A fundamental metabolic shift in immune system cells has been identified by A*STAR researchers as responsible for whether they attack or tolerate disease recognized by our immune defenses. If the cells do not respond correctly, cancer and other diseases are allowed to thrive rather than being challenged by an immune response. “Targeting the metabolic switch that regulates this balance could form the basis of new and rationally designed cancer immunotherapies,” says John Connolly of the A*STAR team.
The researchers at the A*STAR Institute of Molecular and Cell Biology and the Singapore Immunology Network investigated the metabolic status of dendritic cells of the immune system. These cells can be activated into immunogenic states in which they promote an immune response, or tolerogenic states in which the immune response is suppressed.
“Some of the most striking evidence for a role of these cells in human health comes from studies in cancer,” Connolly says. He explains that by promoting the switch to the tolerogenic state the cancer cells appear to avoid the immune response that could destroy them. “The cancer hijacks our fundamental self-tolerance mechanisms to escape immune surveillance,” he adds.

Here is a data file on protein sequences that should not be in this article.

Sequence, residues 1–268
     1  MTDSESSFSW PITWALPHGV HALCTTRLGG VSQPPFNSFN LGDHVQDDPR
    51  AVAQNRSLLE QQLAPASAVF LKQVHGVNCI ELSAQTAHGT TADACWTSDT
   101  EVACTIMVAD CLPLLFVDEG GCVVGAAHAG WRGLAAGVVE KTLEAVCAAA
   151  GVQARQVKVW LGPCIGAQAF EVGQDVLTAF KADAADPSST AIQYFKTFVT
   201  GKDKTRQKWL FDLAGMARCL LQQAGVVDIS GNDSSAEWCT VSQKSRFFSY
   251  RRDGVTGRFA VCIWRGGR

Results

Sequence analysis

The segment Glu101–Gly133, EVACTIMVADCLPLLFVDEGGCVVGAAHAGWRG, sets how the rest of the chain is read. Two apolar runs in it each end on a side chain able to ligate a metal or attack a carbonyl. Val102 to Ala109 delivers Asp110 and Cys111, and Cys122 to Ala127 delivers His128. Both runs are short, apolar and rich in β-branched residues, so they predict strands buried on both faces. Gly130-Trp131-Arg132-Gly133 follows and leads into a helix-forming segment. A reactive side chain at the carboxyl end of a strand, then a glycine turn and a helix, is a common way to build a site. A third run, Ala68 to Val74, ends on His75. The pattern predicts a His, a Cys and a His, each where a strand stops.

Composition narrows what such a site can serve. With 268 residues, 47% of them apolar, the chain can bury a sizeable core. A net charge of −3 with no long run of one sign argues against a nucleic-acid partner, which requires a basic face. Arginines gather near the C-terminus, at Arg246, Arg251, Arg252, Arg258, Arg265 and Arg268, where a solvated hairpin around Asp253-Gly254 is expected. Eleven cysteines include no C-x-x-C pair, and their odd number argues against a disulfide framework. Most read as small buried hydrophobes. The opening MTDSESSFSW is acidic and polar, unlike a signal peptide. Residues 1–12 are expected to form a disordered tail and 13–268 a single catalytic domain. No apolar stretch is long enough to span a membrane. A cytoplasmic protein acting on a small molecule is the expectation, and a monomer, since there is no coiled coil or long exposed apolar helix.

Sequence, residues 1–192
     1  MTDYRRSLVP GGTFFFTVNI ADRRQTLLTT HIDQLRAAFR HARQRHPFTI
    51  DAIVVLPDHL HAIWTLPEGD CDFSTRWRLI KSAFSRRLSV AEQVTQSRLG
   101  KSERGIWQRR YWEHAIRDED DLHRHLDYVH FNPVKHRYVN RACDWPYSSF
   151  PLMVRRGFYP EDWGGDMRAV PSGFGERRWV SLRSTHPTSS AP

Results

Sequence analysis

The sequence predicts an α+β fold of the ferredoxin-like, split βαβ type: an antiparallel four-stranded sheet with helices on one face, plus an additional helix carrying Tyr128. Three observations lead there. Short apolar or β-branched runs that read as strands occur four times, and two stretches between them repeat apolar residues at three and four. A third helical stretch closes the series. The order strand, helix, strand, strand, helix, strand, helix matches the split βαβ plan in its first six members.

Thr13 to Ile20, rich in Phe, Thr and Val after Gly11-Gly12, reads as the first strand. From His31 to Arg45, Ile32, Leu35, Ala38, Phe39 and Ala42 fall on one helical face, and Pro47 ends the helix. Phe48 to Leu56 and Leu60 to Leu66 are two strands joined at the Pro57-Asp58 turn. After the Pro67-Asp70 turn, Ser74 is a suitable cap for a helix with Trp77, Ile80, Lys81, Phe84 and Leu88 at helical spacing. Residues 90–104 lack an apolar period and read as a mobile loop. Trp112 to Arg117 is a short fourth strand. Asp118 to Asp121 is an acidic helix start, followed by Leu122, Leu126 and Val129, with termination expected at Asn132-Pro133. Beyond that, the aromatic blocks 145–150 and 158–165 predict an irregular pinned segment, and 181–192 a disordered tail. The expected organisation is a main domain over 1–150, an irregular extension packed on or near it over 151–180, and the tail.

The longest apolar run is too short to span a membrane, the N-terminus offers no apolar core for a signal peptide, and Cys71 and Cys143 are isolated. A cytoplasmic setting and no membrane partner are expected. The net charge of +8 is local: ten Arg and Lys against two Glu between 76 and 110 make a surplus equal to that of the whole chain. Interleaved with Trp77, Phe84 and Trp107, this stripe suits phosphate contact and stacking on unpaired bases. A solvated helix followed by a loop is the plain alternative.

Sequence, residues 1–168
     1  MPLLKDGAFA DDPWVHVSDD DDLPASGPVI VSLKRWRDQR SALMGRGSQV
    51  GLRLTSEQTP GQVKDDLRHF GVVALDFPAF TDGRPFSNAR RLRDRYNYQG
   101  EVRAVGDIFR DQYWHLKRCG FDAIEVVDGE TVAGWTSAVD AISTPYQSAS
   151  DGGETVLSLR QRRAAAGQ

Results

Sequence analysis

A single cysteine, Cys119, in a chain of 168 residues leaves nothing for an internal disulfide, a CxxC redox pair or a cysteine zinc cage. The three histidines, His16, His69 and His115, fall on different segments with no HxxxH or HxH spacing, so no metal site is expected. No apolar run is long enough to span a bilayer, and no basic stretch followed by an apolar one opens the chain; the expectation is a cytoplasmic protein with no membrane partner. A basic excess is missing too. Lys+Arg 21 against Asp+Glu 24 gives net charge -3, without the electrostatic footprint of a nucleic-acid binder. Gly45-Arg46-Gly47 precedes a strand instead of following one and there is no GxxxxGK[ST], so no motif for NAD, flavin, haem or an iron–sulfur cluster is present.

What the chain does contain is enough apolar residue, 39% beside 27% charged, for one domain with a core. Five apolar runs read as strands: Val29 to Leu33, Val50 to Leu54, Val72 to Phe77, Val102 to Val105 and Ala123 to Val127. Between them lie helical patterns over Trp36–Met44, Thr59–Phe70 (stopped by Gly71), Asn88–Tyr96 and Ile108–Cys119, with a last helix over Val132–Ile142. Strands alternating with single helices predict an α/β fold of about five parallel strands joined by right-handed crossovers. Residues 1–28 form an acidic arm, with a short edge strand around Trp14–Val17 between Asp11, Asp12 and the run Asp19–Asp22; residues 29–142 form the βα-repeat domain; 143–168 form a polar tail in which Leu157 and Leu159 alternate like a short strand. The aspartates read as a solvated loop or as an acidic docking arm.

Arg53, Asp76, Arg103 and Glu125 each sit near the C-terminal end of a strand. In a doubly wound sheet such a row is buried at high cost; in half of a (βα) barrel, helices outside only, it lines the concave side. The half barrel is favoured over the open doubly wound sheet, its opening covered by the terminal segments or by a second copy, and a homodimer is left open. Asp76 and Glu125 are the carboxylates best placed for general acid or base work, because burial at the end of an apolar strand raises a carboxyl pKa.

The researchers set out to identify the difference between immunogenic and tolerogenic dendritic cells. This would help them understand how the switch between the two states is controlled and how cancer cells can hijack the switching mechanism to protect themselves.
The investigation revealed fundamental changes in the metabolism of the tolerogenic cells. In particular several biochemical pathways that break down molecules to provide energy, especially those known as oxidative phosphorylation and glycolysis, were much more active in the tolerogenic cells.
Connolly said he had been surprised that something as fundamental as metabolism would play a key regulatory role in such a specialized cellular function. He is keen to make clear that helping the immune system to fight cancer is more subtle than just assisting the immune cells that attack disease. It also involves controlling the processes that instruct some immune cells to be tolerant of abnormalities.
The research team is now trying to understand the detailed molecular mechanisms by which metabolic change activates the tolerogenic program. This is already known to involve a complex range of inhibitory receptors and suppressive molecules. The ongoing research is also investigating dendritic cells in isolation from tumor samples to learn how cancer cells hijack the natural switching mechanism. Hopefully the findings will eventually be used to prevent cancer cells from evading the immune responses that could kill them.